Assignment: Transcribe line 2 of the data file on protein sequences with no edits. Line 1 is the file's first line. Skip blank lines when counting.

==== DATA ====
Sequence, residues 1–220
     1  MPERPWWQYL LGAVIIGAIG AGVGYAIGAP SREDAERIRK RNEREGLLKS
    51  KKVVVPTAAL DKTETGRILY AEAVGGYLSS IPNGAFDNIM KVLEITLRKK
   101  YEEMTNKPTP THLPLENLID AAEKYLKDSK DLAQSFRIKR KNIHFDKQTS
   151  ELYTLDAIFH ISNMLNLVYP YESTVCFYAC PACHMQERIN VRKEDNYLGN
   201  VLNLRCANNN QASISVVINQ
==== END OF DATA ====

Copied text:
     1  MPERPWWQYL LGAVIIGAIG AGVGYAIGAP SREDAERIRK RNEREGLLKS